A massive earthquake rocked Venezuela and the southern Caribbean on Tuesday evening, knocking out power throughout the region and sending people rushing out of buildings.
Preliminary reports from the U.S. Geological Survey indicate a 7.3 magnitude quake struck just 12 miles off Venezuela’s Cariaco Peninsula, its northeasternmost tip. The epicenter is not far from Trinidad’s northwestern coast. The two countries are separated by just seven nautical miles.
It was a little surreal; the country just seemed to shut down for a second.
Kevin Farrick, Trinidad and Tobago
There are no reports of fatalities in either country so far. But in Venezuela, The Associated Press indicates there may be injuries from an escalator collapse in Cumana, the closest city to the epicenter. In a public address, Nestor Reverol, the country’s interior minister, asked for patience and insisted that national disaster teams have been dispatched for relief.
In July 1997, a 6.9 quake struck the same Cariaco region, resulting in more than 80 deaths.
In Trinidad, Joan Latchman, a seismologist at the University of the West Indies Seismic Research Center, told the AP that Tuesday’s quake was the strongest felt in the country since December 2016.
Stuart Young, Trinidad and Tobago’s minister of national security and communications, gave a televised address on the country’s state-owned network to confirm there were no reports of damage to the island’s infrastructure.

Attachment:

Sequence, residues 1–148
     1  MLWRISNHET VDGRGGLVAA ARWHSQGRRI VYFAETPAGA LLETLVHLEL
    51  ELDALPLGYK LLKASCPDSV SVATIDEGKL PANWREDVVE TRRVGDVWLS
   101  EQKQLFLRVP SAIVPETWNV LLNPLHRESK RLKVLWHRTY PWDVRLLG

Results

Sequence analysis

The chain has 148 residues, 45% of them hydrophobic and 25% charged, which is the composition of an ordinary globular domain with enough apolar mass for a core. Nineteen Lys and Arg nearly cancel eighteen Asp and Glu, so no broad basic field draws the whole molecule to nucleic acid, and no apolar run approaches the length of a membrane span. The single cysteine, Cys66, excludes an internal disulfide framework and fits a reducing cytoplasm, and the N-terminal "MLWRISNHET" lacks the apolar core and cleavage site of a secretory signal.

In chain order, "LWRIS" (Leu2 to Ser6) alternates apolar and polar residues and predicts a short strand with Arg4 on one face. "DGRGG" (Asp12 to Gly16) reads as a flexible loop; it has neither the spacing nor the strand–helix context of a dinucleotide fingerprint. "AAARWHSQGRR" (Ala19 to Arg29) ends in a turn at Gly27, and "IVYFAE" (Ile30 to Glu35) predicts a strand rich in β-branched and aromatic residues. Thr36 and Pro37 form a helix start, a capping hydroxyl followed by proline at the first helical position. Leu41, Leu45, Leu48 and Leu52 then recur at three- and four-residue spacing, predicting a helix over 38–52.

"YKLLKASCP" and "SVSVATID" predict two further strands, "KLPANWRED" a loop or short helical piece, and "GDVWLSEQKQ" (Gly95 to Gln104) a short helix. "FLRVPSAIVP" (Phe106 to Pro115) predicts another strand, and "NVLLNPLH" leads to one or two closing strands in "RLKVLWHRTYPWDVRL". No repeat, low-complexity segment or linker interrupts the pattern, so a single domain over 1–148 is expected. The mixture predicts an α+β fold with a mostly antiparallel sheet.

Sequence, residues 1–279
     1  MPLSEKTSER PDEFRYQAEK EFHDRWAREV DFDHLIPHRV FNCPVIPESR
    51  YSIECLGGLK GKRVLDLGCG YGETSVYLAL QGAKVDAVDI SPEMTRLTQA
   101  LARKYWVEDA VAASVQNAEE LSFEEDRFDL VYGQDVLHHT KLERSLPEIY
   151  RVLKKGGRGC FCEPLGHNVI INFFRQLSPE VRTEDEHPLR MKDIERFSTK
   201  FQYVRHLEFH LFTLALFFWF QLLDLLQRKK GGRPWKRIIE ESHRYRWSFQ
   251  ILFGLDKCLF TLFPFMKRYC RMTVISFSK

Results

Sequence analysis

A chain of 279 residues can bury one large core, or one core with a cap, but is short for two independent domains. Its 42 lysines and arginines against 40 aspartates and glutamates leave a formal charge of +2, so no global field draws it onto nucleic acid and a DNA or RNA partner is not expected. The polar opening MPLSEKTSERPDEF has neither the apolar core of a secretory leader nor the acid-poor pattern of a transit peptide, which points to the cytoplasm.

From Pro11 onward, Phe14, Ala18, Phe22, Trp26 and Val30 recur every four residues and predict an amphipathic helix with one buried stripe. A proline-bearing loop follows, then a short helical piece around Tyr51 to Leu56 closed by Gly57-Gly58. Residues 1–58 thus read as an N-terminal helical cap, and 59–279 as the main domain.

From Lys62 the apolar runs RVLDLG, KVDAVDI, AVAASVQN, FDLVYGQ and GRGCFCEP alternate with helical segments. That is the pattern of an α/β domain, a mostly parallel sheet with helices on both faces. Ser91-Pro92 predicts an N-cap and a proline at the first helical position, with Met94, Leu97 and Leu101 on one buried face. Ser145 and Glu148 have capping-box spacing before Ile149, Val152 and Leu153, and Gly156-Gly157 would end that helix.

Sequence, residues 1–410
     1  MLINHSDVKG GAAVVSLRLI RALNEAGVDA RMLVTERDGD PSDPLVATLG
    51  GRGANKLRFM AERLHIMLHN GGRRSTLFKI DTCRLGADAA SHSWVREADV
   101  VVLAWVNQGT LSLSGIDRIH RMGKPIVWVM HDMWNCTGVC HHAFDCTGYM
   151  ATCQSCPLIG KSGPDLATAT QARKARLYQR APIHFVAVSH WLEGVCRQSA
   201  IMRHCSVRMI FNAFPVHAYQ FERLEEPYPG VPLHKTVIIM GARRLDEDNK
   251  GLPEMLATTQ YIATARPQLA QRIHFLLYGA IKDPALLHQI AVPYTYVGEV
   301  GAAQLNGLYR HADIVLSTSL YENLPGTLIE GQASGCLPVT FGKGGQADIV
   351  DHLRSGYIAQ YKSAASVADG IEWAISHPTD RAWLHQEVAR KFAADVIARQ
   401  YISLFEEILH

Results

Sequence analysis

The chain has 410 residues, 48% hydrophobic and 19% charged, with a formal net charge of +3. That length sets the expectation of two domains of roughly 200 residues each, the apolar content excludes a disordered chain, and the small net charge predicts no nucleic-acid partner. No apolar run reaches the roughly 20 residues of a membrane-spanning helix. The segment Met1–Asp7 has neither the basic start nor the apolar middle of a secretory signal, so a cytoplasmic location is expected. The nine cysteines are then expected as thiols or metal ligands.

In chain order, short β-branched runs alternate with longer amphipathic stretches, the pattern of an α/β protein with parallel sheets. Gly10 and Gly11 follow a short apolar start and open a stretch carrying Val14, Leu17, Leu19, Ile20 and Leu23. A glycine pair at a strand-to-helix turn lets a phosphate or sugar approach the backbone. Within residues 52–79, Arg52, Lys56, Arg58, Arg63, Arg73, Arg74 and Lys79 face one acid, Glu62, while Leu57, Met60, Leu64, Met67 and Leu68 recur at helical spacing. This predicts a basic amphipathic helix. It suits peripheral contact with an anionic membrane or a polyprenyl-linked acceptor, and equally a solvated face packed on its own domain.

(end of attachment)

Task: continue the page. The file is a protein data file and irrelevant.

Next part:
But images quickly flooded social media of downed power lines, toppled store shelves and fallen debris.
Kevin Farrick, a marketing consultant from Port-of-Spain, initially mistook his rocky commute home as car trouble. But once he glanced up to see the traffic lights flashing and lamp posts swaying, he realized it was more than just a bumpy ride.
“Then a transformer exploded and I was like ‘wait a minute, there’s nothing wrong with my car. It’s a damn earthquake!’” Farrick said. Soon after, he noticed people running out of area businesses and government buildings into the streets.
“It was a little surreal; the country just seemed to shut down for a second,” he said.
Many Venezuelans and Trinbagonians are now using Facebook’s check-in tool to mark themselves as “safe’ in the aftermath.
The quake could be felt as far away as Bogota, Colombia as well as several Caribbean islands in the region, including Grenada and St. Vincent and the Grenadines. Although aftershocks are still being reported, the Pacific Tsunami Warning Center reports no immediate threat of a tsunami to the surrounding region.